A major paper released on the sidelines of the COP27 climate summit in Egypt has started a countdown. At the current rate of global emissions, the Paris Agreement goal of limiting global temperatures to 1.5 degrees Celsius above pre-industrial levels will likely be permanently out of reach in nine years, the study found.
The paper, published on Nov. 11 and written by dozens of leading climatologists, the paper assesses what scientists call the “carbon budget,” which is a way of predicting the amount of warming that will likely be produced by a given volume of emissions. Run in reverse, the calculation tells us how much more we can afford to emit before a certain warming target becomes impossible—just as a personal budget tells you how much more you can spend before you go broke.
The new study concludes that, starting in 2023, if the world produces more than 380 billion more tons of CO2, the odds of limiting warming to 1.5C will fall below 50%. At current rates, that carbon budget would be exhausted by 2032. The findings buttress a similar UN report last month, which found that annual emissions need to fall 45% by 2030 in order to keep the 1.5C goal viable. The world is currently at about 1.2C, and already experiencing severe global climate impacts. Every additional fraction of degree of warming will exponentially exacerbate the crisis. A separate report published this week by the research group Climate Action Tracker found that liquified natural gas projects currently under development could consume up to 10% of the remaining carbon budget on their own.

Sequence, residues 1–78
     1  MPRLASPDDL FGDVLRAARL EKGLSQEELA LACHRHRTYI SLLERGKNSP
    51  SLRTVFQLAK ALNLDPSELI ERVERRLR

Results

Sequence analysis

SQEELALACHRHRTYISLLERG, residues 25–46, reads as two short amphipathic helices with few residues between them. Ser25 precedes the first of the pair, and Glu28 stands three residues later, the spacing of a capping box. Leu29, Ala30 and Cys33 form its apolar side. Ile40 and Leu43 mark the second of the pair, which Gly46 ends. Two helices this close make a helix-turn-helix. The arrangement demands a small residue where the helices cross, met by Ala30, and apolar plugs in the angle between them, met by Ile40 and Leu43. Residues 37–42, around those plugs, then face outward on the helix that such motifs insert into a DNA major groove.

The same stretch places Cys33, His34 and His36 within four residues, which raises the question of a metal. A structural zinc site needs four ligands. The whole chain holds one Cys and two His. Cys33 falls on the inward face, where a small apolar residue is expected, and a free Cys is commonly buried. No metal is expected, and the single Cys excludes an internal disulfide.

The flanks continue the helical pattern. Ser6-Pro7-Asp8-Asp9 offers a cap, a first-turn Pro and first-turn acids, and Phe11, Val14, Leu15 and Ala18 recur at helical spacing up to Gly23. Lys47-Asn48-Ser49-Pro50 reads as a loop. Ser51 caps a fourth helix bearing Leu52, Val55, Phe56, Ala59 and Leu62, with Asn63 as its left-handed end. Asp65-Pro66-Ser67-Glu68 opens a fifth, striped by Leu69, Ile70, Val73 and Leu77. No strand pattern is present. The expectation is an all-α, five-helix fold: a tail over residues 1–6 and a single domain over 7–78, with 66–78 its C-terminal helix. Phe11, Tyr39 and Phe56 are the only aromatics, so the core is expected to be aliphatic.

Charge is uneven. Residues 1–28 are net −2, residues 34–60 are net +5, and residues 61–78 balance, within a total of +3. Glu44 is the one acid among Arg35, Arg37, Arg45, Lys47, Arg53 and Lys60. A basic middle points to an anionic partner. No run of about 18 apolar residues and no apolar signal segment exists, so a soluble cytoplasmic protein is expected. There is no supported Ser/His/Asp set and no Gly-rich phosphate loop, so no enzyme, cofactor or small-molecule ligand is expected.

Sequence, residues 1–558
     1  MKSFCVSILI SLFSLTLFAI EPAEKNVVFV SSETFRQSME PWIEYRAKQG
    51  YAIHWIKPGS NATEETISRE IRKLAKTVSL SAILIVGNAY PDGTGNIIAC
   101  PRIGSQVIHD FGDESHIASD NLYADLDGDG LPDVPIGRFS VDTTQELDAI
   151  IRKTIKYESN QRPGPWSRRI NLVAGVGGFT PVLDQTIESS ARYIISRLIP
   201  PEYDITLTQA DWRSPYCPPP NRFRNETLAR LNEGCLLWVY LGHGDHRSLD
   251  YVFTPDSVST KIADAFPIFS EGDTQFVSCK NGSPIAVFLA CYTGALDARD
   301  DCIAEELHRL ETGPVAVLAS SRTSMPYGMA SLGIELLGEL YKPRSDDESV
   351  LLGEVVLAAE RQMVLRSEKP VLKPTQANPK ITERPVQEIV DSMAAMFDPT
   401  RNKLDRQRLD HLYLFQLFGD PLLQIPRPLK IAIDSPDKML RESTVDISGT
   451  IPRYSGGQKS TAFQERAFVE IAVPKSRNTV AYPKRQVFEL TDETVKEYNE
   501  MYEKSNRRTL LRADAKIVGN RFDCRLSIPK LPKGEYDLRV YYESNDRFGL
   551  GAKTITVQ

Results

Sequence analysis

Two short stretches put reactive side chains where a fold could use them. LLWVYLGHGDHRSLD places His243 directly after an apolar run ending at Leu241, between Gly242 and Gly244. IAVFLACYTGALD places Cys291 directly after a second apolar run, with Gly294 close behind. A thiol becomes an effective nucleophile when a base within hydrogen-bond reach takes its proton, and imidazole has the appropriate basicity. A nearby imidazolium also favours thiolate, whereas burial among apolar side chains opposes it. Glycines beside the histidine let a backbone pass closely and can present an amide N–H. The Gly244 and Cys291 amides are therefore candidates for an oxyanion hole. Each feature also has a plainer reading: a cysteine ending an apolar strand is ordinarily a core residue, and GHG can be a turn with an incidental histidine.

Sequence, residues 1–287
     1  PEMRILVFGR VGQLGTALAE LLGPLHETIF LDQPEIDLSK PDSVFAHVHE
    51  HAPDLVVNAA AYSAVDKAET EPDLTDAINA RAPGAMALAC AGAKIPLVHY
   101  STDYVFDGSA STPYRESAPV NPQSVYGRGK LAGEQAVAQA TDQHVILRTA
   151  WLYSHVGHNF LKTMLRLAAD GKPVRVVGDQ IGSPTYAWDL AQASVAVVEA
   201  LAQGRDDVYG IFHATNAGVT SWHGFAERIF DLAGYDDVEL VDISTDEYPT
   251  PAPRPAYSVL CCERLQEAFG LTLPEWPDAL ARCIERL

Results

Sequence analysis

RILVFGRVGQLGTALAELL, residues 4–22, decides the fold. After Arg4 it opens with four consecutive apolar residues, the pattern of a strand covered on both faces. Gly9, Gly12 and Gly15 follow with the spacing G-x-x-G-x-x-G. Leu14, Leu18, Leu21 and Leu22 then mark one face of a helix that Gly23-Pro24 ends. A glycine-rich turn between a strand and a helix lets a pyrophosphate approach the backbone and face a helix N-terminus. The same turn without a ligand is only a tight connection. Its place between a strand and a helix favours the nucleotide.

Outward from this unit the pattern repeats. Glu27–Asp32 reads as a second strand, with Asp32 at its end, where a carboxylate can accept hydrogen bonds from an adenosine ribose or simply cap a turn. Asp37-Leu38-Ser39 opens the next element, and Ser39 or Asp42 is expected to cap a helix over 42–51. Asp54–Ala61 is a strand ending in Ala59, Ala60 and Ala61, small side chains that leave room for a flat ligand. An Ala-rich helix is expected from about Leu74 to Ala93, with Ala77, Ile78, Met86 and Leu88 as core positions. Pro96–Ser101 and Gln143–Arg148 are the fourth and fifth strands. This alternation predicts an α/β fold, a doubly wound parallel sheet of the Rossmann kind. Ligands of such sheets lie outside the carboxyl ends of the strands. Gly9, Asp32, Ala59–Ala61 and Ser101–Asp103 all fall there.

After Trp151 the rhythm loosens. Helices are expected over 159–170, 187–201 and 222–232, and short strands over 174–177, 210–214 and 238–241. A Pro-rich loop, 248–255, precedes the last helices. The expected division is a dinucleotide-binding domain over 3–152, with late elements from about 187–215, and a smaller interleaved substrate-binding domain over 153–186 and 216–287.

Behind both reports is the unforgiving math at the heart of the climate crisis. Although emissions today are lower than they would have been if fossil fuel consumption rates were unchanged from the pre-Paris Agreement average, global emissions are still rising from year to year (excluding a dip during the pandemic). The sooner emissions peak, the longer the carbon budget will last. If the budget is used up, the only way to walk back to more moderate warming would be through carbon removal technologies that, for the most part, are costly and unproven. The safest and cheapest course of action, in other words, is to bend the emissions curve as soon as possible.